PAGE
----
Langobardic: wangja.
Provengal: *gauta.9, 10 The word g

Maxilla is the basis of the Italian mascella. The Sicilian and Sardinian forms show the
old suffix, which has been replaced by -ella almost everywhere in the Romania.
3 Italian grugno, REW 3894.
4This is the basis of the Sardinian (Logudoro) kantkrdzu, (Campidano) kantre'u, (Gal-
luro) kante##a, and the Corsican cantheghja.
5 The South-Italian forms of the type gargia on the map GUANCIA derive from this term.
According to Merlo, Note di fonetica italiana meridionale, Atti della Reale Accademia
delle Scienze di Torino 49.892 (1913-4), the word is a derivative of the echoic stem garg-
(REW 3685); it is to be found with the meanings 'gill' (with which it appears also in literary
Italian), 'jaw', 'cheek', 'face', and 'larynx'.
6 The current term in the Grisons, Zauner 404.
7 For the etymology of the types trempa, templa and kavanu, see below.
8 For the etymology, cf. Meyer-Liibke, ZRPh 11.225 (1887); REW 3812; Rohlfs, Etymo-
logisches Wdrterbuch der unteritalienischen Grazitat, No. 447 (Halle, 1930).
9 It forms the basis of French joue. As to the etymology, Meyer-Ltibke in the already
mentioned essay in Worter und Sachen says: '*gauta pertains to France, has driven mazilla
to the northern periphery and has radiated in its day beyond France to the Grisons, Italy,
and the Pyrenean peninsula.... What this *gauta is, we do not know. The possibility of

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the south of France over *gauta, is also to be f

GUANCIA, point 182; map MASCELLA, point 181
galized parts of the Italian linguistic territory
Linguistique Romane 6.102 note 1 [1930]).11 T
literary Italian means 'snout; ugly, distorted, gri
(according to REW 9548) to Provengal guinhar.12
French: cera, which in literary Italian means 'f
Catalan: Sardinian barra (Wagner, Studien),
'crossbar', but which as designation of the jaw or
whence the word has penetrated into Sardinian,
and Modern French.14, 15
The types of words which serve on Italian territory for the designation of the
cheek show, then, an exceedingly high proportion of foreign elements; this may
be explained by the fact that the cheek is not a subject for the linguistic imagina-
tion. New word-creations did not occur; where old words, already in use for
the designation of some other part of the human body, were adopted for the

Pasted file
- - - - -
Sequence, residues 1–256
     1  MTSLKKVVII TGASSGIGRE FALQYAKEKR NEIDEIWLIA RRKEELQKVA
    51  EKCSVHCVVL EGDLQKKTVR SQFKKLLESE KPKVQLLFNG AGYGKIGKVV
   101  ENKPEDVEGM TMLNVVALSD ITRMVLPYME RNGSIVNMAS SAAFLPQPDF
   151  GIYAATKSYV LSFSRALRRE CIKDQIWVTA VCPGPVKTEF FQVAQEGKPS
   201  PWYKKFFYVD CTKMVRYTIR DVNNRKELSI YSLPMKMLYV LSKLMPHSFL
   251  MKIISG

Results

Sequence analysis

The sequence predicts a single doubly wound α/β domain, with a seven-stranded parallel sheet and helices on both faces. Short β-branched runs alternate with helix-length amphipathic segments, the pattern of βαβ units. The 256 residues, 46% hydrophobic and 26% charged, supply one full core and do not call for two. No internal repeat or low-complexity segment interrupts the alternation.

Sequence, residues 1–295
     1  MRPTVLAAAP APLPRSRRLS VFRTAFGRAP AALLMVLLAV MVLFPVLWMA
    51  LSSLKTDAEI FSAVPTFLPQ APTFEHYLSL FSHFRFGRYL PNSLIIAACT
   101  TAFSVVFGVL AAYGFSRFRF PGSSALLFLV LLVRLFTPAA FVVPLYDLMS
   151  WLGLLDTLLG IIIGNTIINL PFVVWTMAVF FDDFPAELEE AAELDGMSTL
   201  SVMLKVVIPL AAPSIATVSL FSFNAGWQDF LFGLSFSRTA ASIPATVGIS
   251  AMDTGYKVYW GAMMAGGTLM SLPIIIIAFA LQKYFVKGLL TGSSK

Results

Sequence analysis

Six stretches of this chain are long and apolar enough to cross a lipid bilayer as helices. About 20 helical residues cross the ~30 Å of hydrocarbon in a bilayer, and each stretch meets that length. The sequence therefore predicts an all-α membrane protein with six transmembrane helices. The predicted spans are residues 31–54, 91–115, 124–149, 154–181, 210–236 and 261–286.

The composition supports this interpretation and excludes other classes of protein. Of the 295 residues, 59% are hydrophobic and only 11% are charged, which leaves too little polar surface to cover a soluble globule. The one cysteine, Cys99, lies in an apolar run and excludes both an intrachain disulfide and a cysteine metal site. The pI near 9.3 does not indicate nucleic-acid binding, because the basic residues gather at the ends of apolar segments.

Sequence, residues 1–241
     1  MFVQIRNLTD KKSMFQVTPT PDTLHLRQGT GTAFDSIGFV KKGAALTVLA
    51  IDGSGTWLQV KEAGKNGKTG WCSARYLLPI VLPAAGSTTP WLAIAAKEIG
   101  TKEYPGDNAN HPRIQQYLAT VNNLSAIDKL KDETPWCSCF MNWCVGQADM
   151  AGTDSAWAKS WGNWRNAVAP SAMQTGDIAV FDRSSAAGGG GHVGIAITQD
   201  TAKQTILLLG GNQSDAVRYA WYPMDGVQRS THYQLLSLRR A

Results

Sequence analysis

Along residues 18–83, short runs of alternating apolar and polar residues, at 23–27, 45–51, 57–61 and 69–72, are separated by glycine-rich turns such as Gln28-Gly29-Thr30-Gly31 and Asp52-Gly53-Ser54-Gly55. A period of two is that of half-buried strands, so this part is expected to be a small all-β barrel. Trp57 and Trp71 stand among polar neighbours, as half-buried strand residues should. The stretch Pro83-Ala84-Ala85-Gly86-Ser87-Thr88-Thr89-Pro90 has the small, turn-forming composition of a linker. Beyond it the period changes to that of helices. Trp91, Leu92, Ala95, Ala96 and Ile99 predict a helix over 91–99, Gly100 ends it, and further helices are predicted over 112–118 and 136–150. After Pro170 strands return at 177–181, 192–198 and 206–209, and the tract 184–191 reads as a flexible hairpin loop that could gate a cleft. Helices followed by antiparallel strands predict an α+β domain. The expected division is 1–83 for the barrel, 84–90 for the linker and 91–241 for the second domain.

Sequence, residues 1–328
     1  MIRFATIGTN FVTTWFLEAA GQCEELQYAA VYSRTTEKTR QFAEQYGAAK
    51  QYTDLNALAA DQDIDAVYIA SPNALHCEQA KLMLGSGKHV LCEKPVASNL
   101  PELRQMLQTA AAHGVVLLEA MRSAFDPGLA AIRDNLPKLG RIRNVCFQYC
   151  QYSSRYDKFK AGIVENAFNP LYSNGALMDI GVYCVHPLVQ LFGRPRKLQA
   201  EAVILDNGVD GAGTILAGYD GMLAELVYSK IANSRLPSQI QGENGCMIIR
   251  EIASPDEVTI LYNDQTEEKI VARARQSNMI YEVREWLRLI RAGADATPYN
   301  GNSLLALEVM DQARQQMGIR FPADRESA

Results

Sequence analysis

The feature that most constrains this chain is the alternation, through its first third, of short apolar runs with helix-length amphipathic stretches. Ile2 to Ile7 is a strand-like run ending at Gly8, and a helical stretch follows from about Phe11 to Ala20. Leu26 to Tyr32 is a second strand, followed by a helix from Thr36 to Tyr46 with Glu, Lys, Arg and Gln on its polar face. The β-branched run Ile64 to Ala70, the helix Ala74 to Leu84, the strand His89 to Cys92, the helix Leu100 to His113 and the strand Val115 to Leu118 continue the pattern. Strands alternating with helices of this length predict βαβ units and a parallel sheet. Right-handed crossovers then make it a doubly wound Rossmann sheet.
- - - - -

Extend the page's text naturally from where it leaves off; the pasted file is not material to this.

new meaning, unclearness or confusion arose. The tendency toward unequivo-
calness, therefore, to which many other new creations owe their existence
(e.g. mdchoire in France), has in this case facilitated the penetration of foreign
elements, and the large number of loan words shows how strong was the need
for unequivocalness.

a Gallic origin is strong, and connection with several other words pertaining to the stem
gab- ... is possible. But for the present, we are limited to rather vague conjectures.'
10 The earliest proof which I can produce (Ernesto Monaci, Crestomazia italiana dei
primi secoli 396 [CittA di Castello, 1912]) is the use of golta by Bonvesin da Riva, a Milanese
of the 13th century. And in the vicinity of Milan, *gauta still shows this form (au here >
ol). Gota, which belongs also to the literary language, is especially common in Tuscany and
in various zones of Piedmont (that is, at the French frontier), Lombardy, Venetia, and the
Grisons; therefore we may conclude that the stratum was once larger. It does not appear
south of Tuscany; for the four Sicilian proofs do not belong to the language of the south: at
points 817, 818 in San Fratello and Novara di Sicilia, where we meet the type gawta, the
language of North-Italian colonies tenaciously survives. The form of these types is the
same as in Piedmont. On the other hand, the form at the more southern points 836 and 865
gota and wota corresponds to the literary Italian gota; northern word-material is often to
be found in Sicily; Karl Jaberg, Sprachtradition und Sprachwandel 11 (Bern, 1932), says in
relation to testa: 'Sicily diverges from south Italy, while adhering to the central and north-
ern Italian dialects ... and in this phenomenon is expressed the linguistic modernization
which this island underwent after the expulsion of the Arabs.'
11 The Provengal gaunha is derived, as Dauzat, Romania 45.253 f. has proved, from
gavonia, which probably belongs, as does also *gauta, to the type *gaba.
12 The substantive ghigna is probably a post-verbal formation.